A Little Bit Of Guidance 3-03

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Before he moved with my mother to the much smaller and quieter Laramie Falls, my father’s work in Los Angeles had sent him to a lot of disturbing scenes. He wasn’t a cop, but in some ways, his job had been almost as dangerous. He had investigated serial killers, arsonists, child abductors, and worse, all without the benefit of a badge. He’d carried a small gun for protection after an incident where a man followed him home, but for the most part, it had been up to him to keep himself out of too much trouble.

Of course, he’d gone right into trouble, because that was where the story happened to be. Dad’s primary purpose and goal had been to expose those monsters, to drag them into the light of day and tear away the shadows of mystery that kept people terrified of them. He used his writing to shine a spotlight directly on the sick pieces of shit, not to simply scare his audience but to educate them.

After changing cities and mostly settling down, he had kept boxes full of all his old work hidden under camping equipment in the attic. To this day, he had no idea that I had found those boxes back when I was twelve. I’d pored through them, seeing all the stories he’d written, all the pictures that had been taken of those awful scenes, even the reports filed in such dry and concise language by the police.

Most of it had made me physically sick, but I had gone through it anyway. I’d looked at the pictures of violent, soul-crushing death and human misery, not for the thrill, but to inoculate myself against the horror of it. My thought, as a child, had been that if I saw those things through the pictures, it wouldn’t be as hard to see it when I grew up. Because even back then I had known that I wanted to do the same job that my father had. I wanted to help people by exposing the monsters as the humans they were.

And now I had found out the truth. Many of those monsters weren’t human at all. They were things that no amount of light would bring answers to, not for the vast majority of humanity. There were creatures, foul, evil monsters who could not be held by any human prison. Their crimes would go forever unsolved by human authority, the families of their victims left without any real closure. They would escape any and all justice and be left to freely prey upon the innocent, treating humanity as toys.

Except for one thing. The Heretics. These were the people who could bring those monsters to justice, who could stop them from preying upon the innocent. That was why I had chosen so easily to join them, to set aside my desire to be a reporter. My goal all along had been to stop the monsters hiding in the shadows. I just hadn’t realized how literal that term was. And now that I did? Now that I had some idea of what creatures were out there, I was going to learn everything I could about how to stop them.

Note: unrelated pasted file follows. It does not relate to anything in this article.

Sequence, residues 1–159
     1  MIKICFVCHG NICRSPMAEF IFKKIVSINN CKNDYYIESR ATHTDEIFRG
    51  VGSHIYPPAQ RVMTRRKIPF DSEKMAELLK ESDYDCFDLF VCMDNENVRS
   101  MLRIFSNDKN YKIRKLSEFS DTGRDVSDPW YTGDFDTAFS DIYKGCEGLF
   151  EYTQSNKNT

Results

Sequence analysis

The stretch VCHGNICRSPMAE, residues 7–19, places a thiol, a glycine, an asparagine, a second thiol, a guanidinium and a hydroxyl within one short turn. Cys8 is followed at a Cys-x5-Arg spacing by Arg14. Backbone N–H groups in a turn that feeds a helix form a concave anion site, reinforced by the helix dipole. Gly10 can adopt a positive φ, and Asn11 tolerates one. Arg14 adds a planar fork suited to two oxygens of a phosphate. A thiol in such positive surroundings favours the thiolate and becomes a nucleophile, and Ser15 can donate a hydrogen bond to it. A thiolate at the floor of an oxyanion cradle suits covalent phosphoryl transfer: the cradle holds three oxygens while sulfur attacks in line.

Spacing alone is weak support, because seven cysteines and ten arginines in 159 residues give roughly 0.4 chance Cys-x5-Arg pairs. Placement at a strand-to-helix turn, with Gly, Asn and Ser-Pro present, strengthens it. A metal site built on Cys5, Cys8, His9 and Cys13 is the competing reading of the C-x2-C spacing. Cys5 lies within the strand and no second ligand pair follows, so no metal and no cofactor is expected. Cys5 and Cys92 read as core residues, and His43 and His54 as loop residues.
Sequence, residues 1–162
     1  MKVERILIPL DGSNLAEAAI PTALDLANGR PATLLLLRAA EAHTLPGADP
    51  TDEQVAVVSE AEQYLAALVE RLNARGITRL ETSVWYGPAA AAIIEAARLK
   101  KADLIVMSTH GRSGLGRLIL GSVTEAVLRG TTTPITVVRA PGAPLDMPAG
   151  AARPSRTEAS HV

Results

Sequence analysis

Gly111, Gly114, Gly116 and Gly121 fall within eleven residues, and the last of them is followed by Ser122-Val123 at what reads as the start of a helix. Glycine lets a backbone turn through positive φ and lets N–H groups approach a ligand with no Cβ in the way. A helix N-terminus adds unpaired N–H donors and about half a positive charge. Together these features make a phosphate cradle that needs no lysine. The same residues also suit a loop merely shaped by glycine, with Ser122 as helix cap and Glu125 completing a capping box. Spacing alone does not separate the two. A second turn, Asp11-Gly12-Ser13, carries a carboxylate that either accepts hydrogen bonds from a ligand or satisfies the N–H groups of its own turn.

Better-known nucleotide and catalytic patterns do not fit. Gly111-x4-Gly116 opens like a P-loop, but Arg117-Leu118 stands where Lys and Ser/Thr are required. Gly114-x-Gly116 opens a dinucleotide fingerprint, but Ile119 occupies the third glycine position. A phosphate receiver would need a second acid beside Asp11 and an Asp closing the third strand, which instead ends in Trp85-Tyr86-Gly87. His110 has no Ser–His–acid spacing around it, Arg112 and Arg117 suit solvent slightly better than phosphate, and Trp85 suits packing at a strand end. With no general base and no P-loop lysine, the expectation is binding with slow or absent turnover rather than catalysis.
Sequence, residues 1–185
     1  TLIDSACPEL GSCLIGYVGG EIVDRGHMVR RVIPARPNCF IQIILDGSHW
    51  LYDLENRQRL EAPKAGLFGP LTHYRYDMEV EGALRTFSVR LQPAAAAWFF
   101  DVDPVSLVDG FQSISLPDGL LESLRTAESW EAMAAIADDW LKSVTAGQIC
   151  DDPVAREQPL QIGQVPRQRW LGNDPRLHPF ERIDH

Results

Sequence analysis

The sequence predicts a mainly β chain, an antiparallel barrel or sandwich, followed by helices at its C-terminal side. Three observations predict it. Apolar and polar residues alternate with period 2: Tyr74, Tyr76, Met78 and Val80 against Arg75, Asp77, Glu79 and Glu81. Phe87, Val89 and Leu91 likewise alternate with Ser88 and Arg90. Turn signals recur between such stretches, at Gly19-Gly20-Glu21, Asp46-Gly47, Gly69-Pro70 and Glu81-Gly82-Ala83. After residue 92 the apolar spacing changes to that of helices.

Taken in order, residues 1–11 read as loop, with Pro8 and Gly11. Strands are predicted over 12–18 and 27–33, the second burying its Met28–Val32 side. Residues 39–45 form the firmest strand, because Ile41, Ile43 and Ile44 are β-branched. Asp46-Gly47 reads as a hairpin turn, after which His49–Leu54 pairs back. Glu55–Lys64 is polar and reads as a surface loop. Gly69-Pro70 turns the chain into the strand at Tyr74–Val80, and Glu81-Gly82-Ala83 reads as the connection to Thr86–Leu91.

All of that and more passed through my mind as I stared at the projection of the crime scene. The hologram, if that’s what this could be called, was so realistic that I almost forgot we were in a room. From all appearances, we were standing on the edge of an actual gas station parking lot. It looked absolutely real, and I would have believed that we had teleported here. Even the sky above looked convincing. Behind us, the door we had come through appeared to be a simple doorway standing right in the middle of an empty street. When I put my hand out toward what looked like empty air beside the door, I found the wall. There was no indication of its existence until I touched it.

Turning back, my eyes found the poor girl on the ground with the gas nozzle duct taped into her mouth, and I felt that familiar taste of sick rising up in my throat. Even looking through my father’s old files and pictures hadn’t prepared me for seeing this sort of thing as up close and personal as this was.

Beside me, I heard a girl gasp the words, “Oh my god….” Then a hand caught my arm and squeezed. When I looked that way, I found Koren of all people. She was staring at the dead girl. Her eyes were wide with shock, and I saw a bit of dampness leak through the corners. She worked her mouth with a small, barely audible whine, and I could almost see the bile making its way up her throat.

Wincing, I turned to grab the girl’s arm, turning her away from the scene and bending her over slightly even as her body started to heave. When she puked, it hit what looked like pavement beneath our feet.

Once she had finished, Koren spat at the ground a couple of times to clear her mouth, then gave a little shudder before straightening up. Her eyes found me and I saw a look of confusion and uncertainty touch her gaze for just a moment before she pulled away with a mumbled, “I’m fine.” Her face was flushed with embarrassment, which stood out a lot against her naturally pale skin.